Celtics’ Terry back in Dallas for reunion, loss

Jason Terry smiled for the cameras in Dallas again Friday,

branded ”Mavericks royalty” by his old coach before enjoying a

reunion with the franchise he helped win its first NBA title.

Terry was in town with his new team, the Boston Celtics, and the

first order of business was wiping out a bad night in New Orleans

and ending a two-game skid. That didn’t happen, with the slide

reaching three games in a 104-94 loss in which he was held to eight

points on 3-of-9 shooting.

The significance of the moment wasn’t lost on him, but the loss

took away some enjoyment.

”It was nothing out of the ordinary. It was a good feeling,”

Terry said after the game. ”But again, I was solely locked in on

the game. It was good to see everyone. But I’m a Celtic now.”

The veteran shooting guard spent eight seasons with the

Mavericks, endearing himself to the home crowd through civic

involvement and the ”Jet” nickname he fostered through his

signature celebration of big 3-pointers – running down the court

with his arms spread like wings.

”I’m very comfortable here and so I can imagine the first

shot’s definitely going to be a 3,” said Terry, who showed up

wearing his championship ring a couple of hours before the game.

”I’m just excited.”

Well, Terry told a little lie there. He actually drove for a

layup, got fouled and made both free throws shortly after entering

the game late in the first quarter. Wearing a green headband and

No. 4 instead of a white one with No. 31, Terry missed his first

3-point attempt early in the second.

Terry got a loud standing ovation when he was introduced, but

the game wasn’t stopped and fans quickly found themselves cheering

a 3-pointer by Vince Carter instead.

”A lot of smiles,” Terry said of what he was expecting.

”Seeing a lot of the courtside season-ticket holders, all of the

people that I spent a lot of time with, seeing them.”

The 35-year-old Terry is no longer with Dallas because the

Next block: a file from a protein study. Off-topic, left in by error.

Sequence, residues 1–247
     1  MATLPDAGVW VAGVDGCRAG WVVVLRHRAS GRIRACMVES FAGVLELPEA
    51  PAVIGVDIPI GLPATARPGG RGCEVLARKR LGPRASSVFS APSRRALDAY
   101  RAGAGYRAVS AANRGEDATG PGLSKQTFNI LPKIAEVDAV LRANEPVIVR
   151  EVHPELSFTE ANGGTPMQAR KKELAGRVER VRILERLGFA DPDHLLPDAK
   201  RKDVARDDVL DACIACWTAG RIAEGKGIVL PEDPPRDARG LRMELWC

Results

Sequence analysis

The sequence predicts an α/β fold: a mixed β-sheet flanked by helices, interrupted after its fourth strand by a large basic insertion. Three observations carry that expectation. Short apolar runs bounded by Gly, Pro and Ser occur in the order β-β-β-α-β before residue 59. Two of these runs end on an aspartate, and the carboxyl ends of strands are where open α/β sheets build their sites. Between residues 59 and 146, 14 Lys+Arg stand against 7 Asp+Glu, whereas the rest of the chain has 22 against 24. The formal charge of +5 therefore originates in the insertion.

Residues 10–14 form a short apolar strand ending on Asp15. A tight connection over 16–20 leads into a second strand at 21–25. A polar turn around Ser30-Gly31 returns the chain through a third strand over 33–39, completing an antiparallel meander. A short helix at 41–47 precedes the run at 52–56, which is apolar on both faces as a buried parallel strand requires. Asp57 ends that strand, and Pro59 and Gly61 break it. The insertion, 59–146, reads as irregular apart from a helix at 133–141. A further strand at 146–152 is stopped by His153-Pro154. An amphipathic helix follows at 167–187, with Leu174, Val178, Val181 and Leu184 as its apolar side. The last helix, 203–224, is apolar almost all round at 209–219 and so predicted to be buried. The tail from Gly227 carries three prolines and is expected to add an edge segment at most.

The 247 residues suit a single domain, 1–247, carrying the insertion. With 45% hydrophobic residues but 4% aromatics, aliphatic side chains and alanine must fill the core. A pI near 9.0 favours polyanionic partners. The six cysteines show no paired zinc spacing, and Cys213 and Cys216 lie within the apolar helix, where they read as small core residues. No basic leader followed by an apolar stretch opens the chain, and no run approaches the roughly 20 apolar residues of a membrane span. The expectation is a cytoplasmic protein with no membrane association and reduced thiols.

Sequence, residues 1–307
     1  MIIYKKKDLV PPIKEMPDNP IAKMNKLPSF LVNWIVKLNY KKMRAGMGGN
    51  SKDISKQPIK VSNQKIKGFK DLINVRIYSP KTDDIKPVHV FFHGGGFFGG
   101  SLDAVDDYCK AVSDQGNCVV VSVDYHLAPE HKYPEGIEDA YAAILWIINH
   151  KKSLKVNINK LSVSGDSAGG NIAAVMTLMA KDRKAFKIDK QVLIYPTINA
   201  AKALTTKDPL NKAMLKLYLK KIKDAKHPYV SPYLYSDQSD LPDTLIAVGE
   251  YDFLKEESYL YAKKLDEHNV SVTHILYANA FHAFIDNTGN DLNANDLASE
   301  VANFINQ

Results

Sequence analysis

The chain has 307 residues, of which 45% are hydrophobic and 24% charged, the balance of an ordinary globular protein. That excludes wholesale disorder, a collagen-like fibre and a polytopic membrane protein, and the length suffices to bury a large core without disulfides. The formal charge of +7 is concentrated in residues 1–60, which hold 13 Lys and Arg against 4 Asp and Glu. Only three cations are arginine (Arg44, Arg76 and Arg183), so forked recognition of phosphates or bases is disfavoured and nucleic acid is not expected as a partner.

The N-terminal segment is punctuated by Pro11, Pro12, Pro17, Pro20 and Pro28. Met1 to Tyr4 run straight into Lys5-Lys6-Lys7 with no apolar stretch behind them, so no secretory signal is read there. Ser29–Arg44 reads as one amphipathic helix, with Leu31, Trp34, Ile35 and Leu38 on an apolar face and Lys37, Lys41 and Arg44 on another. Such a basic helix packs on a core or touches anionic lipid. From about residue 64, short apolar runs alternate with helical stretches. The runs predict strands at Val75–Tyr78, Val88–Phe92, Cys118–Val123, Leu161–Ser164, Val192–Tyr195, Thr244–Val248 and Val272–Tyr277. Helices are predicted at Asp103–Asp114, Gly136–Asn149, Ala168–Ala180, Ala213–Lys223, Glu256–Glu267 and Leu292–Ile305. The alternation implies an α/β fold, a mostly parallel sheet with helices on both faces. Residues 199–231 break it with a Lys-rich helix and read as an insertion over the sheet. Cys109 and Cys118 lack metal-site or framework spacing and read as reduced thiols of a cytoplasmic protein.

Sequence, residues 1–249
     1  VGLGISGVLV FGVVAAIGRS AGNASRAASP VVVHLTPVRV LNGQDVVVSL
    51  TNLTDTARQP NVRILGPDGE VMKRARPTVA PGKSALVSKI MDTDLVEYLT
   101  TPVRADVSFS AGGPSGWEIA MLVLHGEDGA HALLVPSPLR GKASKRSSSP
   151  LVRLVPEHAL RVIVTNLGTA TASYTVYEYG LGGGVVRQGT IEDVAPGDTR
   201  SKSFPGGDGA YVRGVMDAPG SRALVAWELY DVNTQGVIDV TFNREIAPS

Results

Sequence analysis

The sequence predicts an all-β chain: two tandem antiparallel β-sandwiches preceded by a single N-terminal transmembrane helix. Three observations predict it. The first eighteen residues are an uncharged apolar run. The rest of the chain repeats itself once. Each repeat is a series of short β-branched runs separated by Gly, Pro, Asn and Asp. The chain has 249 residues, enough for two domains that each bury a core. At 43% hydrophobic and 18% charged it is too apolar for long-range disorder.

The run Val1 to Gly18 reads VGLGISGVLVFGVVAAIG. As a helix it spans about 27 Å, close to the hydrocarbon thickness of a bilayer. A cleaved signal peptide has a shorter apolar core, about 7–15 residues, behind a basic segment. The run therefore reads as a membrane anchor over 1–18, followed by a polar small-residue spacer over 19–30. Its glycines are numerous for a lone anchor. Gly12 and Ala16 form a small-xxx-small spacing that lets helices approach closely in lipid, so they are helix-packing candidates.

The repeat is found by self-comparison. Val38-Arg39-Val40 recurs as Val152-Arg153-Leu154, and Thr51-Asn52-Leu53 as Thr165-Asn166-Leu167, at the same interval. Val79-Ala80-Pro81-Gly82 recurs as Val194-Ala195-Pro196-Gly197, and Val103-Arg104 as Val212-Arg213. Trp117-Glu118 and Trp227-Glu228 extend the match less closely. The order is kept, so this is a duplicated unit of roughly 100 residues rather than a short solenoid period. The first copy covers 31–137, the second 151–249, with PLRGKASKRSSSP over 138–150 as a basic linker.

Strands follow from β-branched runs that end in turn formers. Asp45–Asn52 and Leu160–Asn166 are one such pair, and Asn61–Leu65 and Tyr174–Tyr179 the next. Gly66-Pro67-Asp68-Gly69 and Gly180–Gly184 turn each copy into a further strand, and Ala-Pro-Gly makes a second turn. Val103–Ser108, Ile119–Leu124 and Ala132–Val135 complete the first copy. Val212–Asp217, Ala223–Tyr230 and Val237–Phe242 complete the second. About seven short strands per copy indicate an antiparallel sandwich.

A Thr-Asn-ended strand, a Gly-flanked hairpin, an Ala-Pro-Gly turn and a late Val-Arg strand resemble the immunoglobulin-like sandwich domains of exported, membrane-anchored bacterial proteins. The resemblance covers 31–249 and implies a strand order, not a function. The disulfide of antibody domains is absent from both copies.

Mavericks decided to get younger in the backcourt while building

salary cap space for a big move in free agency. They struck out on

point guard Deron Williams last summer and figure to go after

center Dwight Howard this offseason.

Meantime, Dallas has jeopardized a 12-year playoff streak by

going with a roster overloaded with one-year contracts for a second

straight season since beating Miami in the 2011 finals. The

Mavericks (32-36) started Friday 3 1/2 games behind the Los Angeles

Lakers for the final Western Conference playoff spot with just 14

games remaining.

”It’s tough because I still am a Mav fan at heart,” said

Terry, who signed a three-year deal with the Celtics and has seen a

dip in his scoring average while his 3-point percentage hovers

around his career mark. ”But again, when you break up a team,

that’s what happens.”

The Mavericks are preoccupied with their precarious playoff

situation, but Terry’s former coach, Rick Carlisle, and few

remaining teammates were looking forward to seeing him. They were

also unanimous in their belief that the reception would be

rousing.

”He was a great ambassador for the city,” Dirk Nowitzki said.

”Always busy in the community every day and on the court we all

know what he meant for us. The best clutch shooter I’ve played

with. And obviously he was a big reason why we won the championship

a couple of years ago.”

Nowitzki had his first reunion with Terry in December in Boston.

Nowitzki was still sidelined while recovering from knee surgery, so

he was relegated to talking ”a little bit of trash from the

bench” during the Mavericks’ loss in double overtime.

”I think it would have to be tough tonight for him because he

loved it here,” Boston coach Doc Rivers said. ”He loved Rick,

loved (owner Mark Cuban), loved the fans here. Just having him for

the little time we’ve had him, you can understand why people like

him. He brings sunshine every day to your basketball team.”

Dallas forward Shawn Marion goes way back to his college days

with Terry, when they worked Michael Jordan camps together. And

Carlisle had a closer player-coach relationship than one might

expect because their daughters attended the same school.

”He is one of the most beloved players I think in the history

of the franchise because of his personality, his relationship with

the fans and he was a great player and he was a prime-time great

player in the clutch,” Carlisle said. ”Guys like that always

distinguish themselves.

”He’s Mavericks royalty.”